IBJ's mission, apart from providing free legal defense, is to educate people about their rights and train legal professionals, including judicial police officers, to implement the rights written in the law. Due to the Khmer Rouge's persecution of intellectuals and the political chaos of the following decade, by 1994 there were fewer than 10 lawyers in all of Cambodia. The lack of legal professionals contributed to a general societal ignorance about basic legal rights. Today there are roughly 700 practicing lawyers here, and the legislature recently updated the Code of Criminal Procedure and the Criminal Code in 2008 and 2011, respectively. However, the gap is often wide between the law on paper and in practice. To bridge this gap, IBJ DRCs conduct two different law clinics: one, called, "Street Law," for average citizens; the other, called, "Roundtable Discussions," for justice officials. IBJ also posts signs in the interrogation rooms and, increasingly (as its relationship with the General Department of Prisons strengthens), in pre-trial detention centers. The posters show the IBJ hotline number and a two-part, pictorial description of the right to a lawyer and to be free from torture.
Later that afternoon, I interviewed a former IBJ client through a translator. Gathering such "success stories" from clients is how IBJ both monitors its lawyers' work and keeps its donors informed. This particular young man, now twenty-three years old, was twenty-one when he was charged with drug trafficking, for which the minimum sentence is five years. Fortunately, his father had heard of IBJ and called Makara in Sen Monorom. The young man pleaded guilty, but Makara was able to persuade the judge to reduce his sentence to twenty months in consideration of mitigating circumstances like his youth, his desire to continue in school, and his prior clean record. Article 98 of the Code of Criminal Procedure permits judges such discretion in sentencing. The young man, by his own admission, had developped a habit of using methamphetamine. One afternoon, as he and six friends were returning to the capital, an undercover police official asked them if they had any drugs. When one of the young men tried to sell him some, all seven were arrested and charged as accomplices in drug-trafficking. Each man, therefore, faced the same penalty as the principle perpetrator.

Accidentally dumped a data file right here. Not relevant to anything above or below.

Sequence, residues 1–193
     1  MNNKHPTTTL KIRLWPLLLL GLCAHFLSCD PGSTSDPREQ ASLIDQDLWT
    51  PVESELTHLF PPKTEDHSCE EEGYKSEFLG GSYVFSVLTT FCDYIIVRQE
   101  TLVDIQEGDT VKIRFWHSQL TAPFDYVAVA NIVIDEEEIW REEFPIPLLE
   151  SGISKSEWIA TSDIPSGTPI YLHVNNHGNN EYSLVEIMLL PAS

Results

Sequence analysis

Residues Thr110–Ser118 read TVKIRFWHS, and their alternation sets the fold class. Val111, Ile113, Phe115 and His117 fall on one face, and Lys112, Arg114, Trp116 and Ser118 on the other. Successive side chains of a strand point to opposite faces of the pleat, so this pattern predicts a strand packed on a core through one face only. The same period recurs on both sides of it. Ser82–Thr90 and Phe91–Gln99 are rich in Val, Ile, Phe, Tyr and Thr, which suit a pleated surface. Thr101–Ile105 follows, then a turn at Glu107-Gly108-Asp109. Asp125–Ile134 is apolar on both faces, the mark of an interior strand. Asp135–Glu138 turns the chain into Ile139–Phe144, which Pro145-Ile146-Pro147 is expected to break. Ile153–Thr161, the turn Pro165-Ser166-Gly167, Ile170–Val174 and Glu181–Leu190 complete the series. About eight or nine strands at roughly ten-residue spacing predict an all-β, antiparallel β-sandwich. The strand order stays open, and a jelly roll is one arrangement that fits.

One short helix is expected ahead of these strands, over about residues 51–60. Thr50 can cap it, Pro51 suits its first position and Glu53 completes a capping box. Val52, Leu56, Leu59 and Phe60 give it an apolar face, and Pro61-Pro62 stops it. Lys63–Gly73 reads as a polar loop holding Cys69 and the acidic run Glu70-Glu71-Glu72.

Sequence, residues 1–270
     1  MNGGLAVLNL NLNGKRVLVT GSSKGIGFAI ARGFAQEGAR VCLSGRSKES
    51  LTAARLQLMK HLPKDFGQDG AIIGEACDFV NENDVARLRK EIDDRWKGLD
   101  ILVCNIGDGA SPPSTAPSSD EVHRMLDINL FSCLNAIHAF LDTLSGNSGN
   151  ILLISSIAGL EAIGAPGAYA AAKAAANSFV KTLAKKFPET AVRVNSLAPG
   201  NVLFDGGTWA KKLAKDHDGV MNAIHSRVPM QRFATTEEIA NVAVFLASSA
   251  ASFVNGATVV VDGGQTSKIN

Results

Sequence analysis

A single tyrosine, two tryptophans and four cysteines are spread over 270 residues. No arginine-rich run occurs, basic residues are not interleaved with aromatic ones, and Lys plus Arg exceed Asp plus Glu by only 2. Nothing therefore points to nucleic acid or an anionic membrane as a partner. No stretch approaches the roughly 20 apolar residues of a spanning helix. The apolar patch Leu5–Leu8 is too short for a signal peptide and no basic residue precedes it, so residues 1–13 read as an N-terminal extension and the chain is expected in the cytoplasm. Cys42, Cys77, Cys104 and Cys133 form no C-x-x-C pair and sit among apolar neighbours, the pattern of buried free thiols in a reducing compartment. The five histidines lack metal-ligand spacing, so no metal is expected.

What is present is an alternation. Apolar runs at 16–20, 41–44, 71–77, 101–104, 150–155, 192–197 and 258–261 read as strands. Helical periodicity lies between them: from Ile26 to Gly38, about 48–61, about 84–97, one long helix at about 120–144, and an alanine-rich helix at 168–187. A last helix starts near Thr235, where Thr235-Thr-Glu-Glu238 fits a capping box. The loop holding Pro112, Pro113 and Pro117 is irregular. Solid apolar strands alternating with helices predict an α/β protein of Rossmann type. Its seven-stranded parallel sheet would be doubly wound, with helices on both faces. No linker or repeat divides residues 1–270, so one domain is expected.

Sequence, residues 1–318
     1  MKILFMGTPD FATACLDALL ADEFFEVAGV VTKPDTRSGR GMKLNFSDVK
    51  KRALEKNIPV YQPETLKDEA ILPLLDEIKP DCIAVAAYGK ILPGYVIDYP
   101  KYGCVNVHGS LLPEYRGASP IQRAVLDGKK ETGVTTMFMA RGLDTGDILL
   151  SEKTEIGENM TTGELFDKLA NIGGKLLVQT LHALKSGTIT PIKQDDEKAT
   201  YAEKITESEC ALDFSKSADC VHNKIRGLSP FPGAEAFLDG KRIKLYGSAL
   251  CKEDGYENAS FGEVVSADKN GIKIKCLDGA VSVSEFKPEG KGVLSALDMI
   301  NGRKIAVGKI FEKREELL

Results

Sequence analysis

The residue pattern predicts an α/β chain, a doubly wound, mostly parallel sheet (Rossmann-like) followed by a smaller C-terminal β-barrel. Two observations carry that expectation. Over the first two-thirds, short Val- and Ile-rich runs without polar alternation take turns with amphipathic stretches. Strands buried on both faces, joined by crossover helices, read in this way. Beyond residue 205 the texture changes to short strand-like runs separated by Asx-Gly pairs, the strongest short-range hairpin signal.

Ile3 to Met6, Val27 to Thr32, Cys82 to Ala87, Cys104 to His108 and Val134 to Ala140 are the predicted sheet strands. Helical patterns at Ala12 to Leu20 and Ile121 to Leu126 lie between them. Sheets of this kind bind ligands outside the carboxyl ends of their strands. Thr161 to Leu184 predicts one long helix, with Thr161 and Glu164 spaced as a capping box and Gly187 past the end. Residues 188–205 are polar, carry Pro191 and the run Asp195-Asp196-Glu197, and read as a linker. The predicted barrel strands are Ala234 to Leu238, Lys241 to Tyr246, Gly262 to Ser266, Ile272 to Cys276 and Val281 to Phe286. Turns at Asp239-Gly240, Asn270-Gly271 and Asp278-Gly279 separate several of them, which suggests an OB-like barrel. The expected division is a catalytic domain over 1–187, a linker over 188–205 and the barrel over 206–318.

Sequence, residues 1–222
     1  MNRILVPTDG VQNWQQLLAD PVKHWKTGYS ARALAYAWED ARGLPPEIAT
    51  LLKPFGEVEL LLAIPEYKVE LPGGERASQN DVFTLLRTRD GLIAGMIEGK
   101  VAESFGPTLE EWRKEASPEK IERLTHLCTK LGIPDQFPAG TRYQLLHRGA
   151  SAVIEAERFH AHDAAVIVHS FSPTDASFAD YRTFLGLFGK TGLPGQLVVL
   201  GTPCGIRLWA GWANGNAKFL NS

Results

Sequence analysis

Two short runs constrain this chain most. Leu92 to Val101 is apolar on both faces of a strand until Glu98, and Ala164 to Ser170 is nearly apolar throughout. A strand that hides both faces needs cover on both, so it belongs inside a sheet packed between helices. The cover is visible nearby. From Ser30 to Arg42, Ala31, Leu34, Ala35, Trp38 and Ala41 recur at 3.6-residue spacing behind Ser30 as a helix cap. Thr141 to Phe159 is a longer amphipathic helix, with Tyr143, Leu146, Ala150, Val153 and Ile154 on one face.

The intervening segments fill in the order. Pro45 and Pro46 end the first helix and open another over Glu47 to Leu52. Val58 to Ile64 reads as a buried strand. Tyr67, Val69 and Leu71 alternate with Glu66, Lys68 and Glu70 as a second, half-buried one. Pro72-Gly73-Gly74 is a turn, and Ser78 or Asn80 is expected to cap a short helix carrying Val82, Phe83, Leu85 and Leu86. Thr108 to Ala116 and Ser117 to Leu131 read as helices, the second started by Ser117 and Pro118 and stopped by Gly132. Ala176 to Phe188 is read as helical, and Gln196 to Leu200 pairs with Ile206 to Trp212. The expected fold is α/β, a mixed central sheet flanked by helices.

The young men had been caught in the snare of the Cambodian government's crackdown on drug use, which especially targets poor Cambodians. From one perspective, the young man was, in fact, guilty; and, receiving a twenty-month sentence is better than receiving a sixty-month one. Without Makara to represent him, this young man undoubtedly would have served the entire five-year sentence. In fact, it is not too uncommon here for justice officials to "forget" about prisoners; so, he might have stayed in prison even longer than five years. From another perspective, however, even the twenty-month sentence cost this young man too much. During that time, his father passed away, and due to his criminal record he will have to overcome almost insurmountable difficulties to find a permanent job. Without money, of course, he will not be able to finish his education.